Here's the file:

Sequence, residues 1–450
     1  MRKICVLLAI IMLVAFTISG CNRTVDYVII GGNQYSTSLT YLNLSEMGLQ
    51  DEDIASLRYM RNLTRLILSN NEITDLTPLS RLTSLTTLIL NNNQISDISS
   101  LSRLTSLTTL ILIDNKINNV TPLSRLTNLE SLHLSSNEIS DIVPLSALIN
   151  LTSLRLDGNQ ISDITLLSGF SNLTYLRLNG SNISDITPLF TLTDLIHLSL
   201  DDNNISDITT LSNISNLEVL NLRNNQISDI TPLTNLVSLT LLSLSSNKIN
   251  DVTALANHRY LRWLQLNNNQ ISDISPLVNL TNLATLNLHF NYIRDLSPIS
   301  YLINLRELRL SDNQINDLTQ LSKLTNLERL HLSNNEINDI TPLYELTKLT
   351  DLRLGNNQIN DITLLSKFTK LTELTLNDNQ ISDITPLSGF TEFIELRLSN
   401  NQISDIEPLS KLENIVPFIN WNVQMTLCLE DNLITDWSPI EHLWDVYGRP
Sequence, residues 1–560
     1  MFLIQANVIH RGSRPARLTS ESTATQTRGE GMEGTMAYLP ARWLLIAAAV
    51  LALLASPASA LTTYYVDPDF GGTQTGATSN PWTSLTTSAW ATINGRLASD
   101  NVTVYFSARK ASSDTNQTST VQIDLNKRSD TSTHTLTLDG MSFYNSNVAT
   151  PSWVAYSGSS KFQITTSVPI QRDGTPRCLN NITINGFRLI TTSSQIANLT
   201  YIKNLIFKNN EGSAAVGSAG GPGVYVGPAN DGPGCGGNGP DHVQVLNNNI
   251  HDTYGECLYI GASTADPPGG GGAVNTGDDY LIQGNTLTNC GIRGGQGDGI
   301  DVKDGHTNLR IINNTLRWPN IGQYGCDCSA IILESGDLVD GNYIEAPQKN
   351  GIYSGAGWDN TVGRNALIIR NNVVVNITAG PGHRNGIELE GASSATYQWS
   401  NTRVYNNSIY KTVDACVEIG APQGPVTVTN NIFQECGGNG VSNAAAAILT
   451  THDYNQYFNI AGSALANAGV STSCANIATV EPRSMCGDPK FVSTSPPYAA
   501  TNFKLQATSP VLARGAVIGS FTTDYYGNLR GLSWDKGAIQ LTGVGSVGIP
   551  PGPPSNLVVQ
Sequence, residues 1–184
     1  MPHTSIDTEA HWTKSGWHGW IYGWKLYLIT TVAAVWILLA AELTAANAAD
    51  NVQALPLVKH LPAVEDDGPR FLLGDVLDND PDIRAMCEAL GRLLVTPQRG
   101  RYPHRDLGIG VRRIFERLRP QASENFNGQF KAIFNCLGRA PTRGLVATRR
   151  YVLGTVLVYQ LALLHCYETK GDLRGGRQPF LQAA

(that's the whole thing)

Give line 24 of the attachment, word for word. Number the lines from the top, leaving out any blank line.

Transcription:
Sequence, residues 1–184